There isn’t a population, cultural group or gender that’s immune from homelessness or impoverishment.
Linda Barrack, the president and CEO of Martha’s Kitchen and Village, sees this fact clearly and remains steadfast on a mission to make the Indio-based organization a vital instrument of change.
“I was in the private sector for some time and one day, it just dawned on me that there was a such a huge need,” Barrack says of the myriad homeless issues affecting Coachella Valley and Riverside County. “Sometimes bad situations happen to good people. So, who’s there to help solve the problem and get you back to where you needed to be? That’s what I appreciate about Martha’s Village and Kitchen. We help. We need to break the cycle of poverty and homelessness, especially for the children. The community needs these people to come back into the community.”
The organization has become of the most significant if not largest providers of homeless and impoverished services in the area, serving more than 8,000 people annually. Launched in 1990—its founders began serving meals to their homeless neighbors—it now operates out of its main Indio campus with three satellite offices throughout the Valley.
Using a “continuum of care model” to break the cycle of homelessness and poverty, the establishment extends countless opportunities for individuals in need, including food services, emergency housing, children’s services, healthcare services, cooling services, and much more.
The goal: for an individual to reclaim their life and become healthy, self-sufficient, and productive citizens.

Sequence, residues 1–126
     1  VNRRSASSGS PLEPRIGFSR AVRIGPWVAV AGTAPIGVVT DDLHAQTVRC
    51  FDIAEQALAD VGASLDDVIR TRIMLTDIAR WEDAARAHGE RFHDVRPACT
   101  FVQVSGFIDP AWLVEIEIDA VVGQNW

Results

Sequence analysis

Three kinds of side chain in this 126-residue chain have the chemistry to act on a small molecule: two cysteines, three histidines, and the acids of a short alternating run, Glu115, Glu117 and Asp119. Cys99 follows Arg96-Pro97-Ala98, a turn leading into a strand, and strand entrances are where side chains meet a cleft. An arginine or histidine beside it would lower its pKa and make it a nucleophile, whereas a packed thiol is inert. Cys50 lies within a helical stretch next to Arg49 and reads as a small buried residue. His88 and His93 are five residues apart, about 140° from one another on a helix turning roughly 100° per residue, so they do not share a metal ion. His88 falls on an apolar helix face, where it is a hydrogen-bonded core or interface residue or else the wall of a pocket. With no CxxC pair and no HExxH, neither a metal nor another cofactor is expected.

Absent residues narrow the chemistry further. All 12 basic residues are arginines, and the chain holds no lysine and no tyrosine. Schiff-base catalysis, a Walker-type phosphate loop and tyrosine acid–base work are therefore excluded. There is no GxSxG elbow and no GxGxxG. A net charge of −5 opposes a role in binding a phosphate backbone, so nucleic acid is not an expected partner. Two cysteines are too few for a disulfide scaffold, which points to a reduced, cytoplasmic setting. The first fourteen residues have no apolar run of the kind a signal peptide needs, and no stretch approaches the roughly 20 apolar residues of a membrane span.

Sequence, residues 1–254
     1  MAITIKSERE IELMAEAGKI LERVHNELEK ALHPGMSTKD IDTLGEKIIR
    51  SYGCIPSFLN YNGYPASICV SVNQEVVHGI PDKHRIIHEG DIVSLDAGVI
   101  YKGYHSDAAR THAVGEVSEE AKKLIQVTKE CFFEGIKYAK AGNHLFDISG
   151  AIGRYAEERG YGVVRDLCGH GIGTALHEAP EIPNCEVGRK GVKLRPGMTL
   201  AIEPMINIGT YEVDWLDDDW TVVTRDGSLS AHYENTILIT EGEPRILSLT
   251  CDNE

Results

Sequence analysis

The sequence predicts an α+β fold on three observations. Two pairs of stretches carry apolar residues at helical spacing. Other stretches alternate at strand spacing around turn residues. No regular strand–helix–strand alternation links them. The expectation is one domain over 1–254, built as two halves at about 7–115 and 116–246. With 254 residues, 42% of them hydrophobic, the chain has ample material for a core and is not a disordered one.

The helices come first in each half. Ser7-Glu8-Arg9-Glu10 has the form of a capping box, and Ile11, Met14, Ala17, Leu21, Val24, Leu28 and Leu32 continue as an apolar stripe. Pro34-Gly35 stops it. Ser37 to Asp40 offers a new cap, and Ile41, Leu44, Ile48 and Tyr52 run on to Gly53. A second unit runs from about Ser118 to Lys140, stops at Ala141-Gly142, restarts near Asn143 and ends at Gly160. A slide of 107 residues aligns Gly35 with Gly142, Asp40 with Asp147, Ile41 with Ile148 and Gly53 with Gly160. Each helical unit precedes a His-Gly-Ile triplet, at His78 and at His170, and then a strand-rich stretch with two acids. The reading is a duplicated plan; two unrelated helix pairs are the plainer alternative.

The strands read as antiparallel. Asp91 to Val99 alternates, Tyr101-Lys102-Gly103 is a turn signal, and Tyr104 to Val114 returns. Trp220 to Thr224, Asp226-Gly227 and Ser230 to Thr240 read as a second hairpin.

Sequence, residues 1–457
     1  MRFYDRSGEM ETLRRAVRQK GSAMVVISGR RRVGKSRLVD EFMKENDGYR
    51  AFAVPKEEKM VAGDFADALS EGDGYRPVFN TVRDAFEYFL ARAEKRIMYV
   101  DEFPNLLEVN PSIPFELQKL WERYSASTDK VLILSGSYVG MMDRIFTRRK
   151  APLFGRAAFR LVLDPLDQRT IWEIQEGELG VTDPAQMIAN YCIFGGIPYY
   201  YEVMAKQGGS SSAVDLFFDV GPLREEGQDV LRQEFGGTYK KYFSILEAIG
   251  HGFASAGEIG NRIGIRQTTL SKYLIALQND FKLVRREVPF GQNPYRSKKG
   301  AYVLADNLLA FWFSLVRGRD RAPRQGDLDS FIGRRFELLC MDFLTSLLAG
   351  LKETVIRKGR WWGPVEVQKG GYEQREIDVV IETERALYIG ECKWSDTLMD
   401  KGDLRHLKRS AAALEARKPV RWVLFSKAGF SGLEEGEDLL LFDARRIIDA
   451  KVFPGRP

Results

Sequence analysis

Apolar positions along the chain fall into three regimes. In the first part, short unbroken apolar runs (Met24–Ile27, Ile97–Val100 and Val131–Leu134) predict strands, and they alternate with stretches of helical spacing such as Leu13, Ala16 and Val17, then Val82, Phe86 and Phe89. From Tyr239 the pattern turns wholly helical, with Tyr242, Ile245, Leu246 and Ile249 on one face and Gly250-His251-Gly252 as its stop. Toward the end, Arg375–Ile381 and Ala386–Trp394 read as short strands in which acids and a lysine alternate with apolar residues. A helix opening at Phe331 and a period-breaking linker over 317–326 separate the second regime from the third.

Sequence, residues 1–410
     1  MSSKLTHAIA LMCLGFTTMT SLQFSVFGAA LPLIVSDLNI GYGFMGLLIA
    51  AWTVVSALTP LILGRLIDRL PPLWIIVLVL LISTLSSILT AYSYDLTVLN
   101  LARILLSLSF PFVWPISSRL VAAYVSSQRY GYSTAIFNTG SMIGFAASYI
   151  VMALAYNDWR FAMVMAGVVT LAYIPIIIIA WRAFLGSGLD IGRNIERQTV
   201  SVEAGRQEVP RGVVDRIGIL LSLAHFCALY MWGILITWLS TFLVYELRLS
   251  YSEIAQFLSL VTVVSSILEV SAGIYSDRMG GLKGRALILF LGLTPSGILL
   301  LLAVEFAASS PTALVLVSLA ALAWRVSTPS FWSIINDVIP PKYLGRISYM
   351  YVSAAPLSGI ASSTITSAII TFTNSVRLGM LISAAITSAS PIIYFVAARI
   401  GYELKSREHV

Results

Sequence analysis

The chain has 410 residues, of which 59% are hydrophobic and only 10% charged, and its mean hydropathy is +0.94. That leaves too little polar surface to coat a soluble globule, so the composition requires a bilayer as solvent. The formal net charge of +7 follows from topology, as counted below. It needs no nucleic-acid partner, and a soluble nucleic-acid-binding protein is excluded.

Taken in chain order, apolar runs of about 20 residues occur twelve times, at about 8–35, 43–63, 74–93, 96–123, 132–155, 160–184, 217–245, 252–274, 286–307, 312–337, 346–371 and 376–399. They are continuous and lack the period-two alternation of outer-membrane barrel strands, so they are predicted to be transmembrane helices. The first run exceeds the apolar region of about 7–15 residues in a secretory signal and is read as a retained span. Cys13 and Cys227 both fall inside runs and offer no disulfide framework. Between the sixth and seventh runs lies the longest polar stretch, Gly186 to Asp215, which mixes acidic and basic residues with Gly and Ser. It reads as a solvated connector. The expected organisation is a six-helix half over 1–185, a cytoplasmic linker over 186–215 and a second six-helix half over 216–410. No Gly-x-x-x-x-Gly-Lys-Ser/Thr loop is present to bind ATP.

Passing down new life skills to their children and families also filters into the mix.
“We’re diverse,” Barrack notes. “When we provide assistance, we’ll give you an answer to something but also support you through any process required to be successful. I think people are very taken back with how much we really have to offer when they’re given a tour here. A lot of people might think we feed people in need, but that’s just the beginning. It begins with breakfast and continues throughout the day with varied services.”
Recently, Martha’s Village and Kitchen received a grant from the 150 Circle of Giving Fund through the Inland Empire Community Foundation. The giving circle of members allows individuals to make a minimum gift of $150 annually to benefit nonprofit organizations in the Coachella Valley. The group funds arts and humanities, education, human services, public benefit, animal welfare, environment, and health.
To be sure, funding is a primary goal—and a challenge—for Martha’s Village and Kitchen. Grants, donations, and volunteers allow the organization to continue providing important services.
Barrack, who writes a variety of those grants, strives to locate funding streams that sync up with the organization’s needs and can create operable programs that have longevity.
“That can be a struggle,” she admits to the funding journey. “So is continuity. But once the funding is secured, we’re able to complete the process for the clients. Another challenge is finding the type of training contained within specific funding so that the organization’s staff continues to increase their expertise.”
Among the many things that stand out at Martha’s Village and Kitchen, communication with clients ranks high among them. Barrack says staff constantly talks one-on-one with clients to determine “how they feel and where they might see a gap in services—that’s extremely important.”
Success stories abound. One that stands out in Barrack’s mind revolves around a woman in her late fifties who’d been diagnosed and treated for cancer, then released from the hospital.
“We met her during our warm weather shelter program,” she shares. “The woman was out on the streets and once we got to know her, we discovered that she had cancer. It was pretty bad. We brought her into our Recuperative Care in Indio, which is set up with the RN and licensed practical nurse. It’s designed to offer medical treatment; a place where people have a space for that type of care.
“To be able to care for that woman—take her to and from appointments and all the peripheral appointments, besides just the cancer—and help her move into a state of better health… well, that is truly one of the most rewarding things we can do here.”